L(s)e^{is}$).
It is also easy to see that for any additive function (satisfying
Cauchy's functional equation $L(s + t) = L(s) + L(t)$) it is:
$L(qx) = q \cdot L(x) $ for all $q \in \mathbb Q$ and $x \in
\mathbb R$. Because $\mathbb R$ and $\mathbb C$ are linear spaces
over $\mathbb Q$, this means that every additive function $L:
\mathbb R \rightarrow \mathbb R$ is a $\mathbb Q$-linear
transformation. Additive functions from $\mathbb R$ into $\mathbb
C$ with a period of $2\pi$ are therefore in a 1-1 correspondence
with $\mathbb Q$-linear transformations $L: \mathbb R \rightarrow
\mathbb C$ such that $L(2\pi) = 0$.
A linear transformation is uniquely determined with its values on
any of the bases of its domain. Let $B$ be a base of the space
$\mathbb R$ such that $\pi \in B$ (its existence is guaranteed by
Zorn's lemma). Thus the $\mathbb Q$-linear transformations $L:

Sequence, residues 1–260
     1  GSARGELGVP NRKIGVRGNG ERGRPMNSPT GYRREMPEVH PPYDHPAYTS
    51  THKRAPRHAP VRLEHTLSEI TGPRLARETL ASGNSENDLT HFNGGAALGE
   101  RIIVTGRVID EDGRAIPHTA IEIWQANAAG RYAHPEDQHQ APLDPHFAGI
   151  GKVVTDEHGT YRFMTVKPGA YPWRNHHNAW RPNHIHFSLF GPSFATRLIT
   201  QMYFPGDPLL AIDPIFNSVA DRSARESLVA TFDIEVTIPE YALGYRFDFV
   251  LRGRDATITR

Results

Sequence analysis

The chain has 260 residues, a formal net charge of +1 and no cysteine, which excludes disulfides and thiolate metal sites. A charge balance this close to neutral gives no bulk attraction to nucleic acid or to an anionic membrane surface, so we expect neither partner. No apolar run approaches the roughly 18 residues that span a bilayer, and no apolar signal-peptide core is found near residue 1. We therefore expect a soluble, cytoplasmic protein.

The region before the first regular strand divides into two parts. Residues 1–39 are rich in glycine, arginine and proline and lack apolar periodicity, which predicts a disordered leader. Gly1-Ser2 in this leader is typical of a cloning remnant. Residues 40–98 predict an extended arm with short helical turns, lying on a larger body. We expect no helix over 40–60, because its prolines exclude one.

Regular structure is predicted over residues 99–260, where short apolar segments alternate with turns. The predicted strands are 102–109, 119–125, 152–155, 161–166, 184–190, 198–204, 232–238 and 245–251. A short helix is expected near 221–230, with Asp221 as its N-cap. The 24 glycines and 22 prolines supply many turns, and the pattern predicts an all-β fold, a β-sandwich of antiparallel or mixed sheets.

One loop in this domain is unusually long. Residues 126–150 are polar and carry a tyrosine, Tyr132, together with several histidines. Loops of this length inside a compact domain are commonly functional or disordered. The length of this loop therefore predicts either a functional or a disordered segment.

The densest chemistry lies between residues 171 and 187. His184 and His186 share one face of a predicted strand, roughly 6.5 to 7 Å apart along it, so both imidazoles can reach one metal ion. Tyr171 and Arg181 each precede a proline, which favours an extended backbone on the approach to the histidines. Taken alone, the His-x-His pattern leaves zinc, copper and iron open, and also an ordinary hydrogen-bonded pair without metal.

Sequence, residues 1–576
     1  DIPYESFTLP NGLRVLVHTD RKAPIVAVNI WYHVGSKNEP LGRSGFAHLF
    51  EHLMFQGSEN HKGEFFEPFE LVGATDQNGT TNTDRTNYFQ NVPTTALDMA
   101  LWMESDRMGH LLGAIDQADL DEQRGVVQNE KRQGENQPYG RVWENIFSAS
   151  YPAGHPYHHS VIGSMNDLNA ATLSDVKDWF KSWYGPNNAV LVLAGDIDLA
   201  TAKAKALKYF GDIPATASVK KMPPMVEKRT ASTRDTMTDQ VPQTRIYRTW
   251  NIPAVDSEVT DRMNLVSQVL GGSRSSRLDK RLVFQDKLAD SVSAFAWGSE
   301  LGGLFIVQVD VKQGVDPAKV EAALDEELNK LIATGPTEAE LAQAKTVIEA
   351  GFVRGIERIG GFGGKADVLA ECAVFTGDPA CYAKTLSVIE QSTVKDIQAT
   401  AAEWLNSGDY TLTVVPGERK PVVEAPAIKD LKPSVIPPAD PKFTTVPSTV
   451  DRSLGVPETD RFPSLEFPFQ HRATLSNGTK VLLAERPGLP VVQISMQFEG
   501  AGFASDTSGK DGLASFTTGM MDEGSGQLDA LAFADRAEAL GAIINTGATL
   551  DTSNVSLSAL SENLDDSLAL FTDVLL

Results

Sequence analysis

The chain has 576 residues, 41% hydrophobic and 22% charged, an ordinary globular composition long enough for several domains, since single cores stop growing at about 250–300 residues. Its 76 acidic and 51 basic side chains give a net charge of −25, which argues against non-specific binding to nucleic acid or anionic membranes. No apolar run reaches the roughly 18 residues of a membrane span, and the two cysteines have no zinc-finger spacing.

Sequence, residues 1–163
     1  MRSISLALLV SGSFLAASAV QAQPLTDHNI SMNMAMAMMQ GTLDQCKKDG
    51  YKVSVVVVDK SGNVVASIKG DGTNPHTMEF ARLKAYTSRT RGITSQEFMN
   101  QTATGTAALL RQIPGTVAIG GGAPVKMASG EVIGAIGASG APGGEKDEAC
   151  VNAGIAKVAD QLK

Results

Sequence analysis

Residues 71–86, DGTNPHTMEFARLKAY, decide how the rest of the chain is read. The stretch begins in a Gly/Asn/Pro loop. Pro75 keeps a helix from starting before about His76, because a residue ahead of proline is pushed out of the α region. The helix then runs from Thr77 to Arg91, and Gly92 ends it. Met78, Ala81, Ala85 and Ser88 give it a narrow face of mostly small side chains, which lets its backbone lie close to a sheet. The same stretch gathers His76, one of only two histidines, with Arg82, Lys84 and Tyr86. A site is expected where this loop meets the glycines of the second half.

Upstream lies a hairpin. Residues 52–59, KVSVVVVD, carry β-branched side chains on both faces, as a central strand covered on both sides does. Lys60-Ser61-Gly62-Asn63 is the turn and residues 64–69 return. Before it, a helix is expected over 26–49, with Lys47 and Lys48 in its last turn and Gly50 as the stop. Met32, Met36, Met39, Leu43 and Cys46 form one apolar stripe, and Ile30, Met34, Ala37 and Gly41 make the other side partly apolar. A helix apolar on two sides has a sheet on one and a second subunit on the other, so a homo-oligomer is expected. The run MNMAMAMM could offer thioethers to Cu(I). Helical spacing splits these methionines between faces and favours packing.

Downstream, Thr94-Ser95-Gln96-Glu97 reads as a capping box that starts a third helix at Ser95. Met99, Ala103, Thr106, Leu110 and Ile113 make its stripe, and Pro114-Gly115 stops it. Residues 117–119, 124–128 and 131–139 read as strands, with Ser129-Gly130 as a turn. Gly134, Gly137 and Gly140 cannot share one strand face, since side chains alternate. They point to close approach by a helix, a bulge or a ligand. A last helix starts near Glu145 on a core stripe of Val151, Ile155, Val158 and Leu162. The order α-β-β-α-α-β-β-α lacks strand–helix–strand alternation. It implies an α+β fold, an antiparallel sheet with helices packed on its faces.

\mathbb R \rightarrow \mathbb C$ such that $L(2\pi) = L(\pi) = 0$
are in a 1-1 correspondence with the set of all functions $L: B
\rightarrow \mathbb C$ such that $L(\pi) = 0$.
The base $B$ is obviously not countable, hence the same also holds
for the set of all functions $L: B\setminus \{\pi\} \rightarrow
\mathbb C$. By the chain of proven 1-1 correspondences, this also
holds for the set of all functions $D: \mathbb E \rightarrow
\mathbb E$ satisfying the Leibnitz rule.
iii) If one writes such numbers in their polar form $a + bi =
re^{i\varphi}$, then $D(re^{i\varphi}) = D(r)e^{i\varphi} +
rD(e^{i\varphi} )$ $=D(r)e^{i\varphi} = D((a^{2} +
b^{2})^{1/2})e^{i\varphi}$ because $D(e^{i\varphi}) = 0$ and $r =
(a^{2} + b^{2})^{1/2}$. The Leibnitz rule is still valid because
for any $z = re^{i\varphi }$ and $w = se^{i\psi } $ it is: $D(zw)
= D((re^{i\varphi })(se^{i\psi} )) = D(rs)e^{i\varphi + \psi} =
(D(r)s + r(D(s))e^{i\varphi + \psi} = $ $D(r)e^{i\varphi}
se^{i\psi} + re^{i\varphi}D(s)e^{i\psi } = D(z)w + zD(w). $ The
quotient rule is also still valid because $\frac{D(z)w -
zD(w)}{w^{2}} = \frac{D(r)e^{i\varphi}se^{i\psi } -
re^{i\varphi}D(s)e^{i\psi }}{s^{2}e^{i2\varphi}} = \frac{(D(r)s -
rD(s))e^{i\varphi}}{s^{2}e^{i\psi }} = D(\frac{r}{s})e^{i(\varphi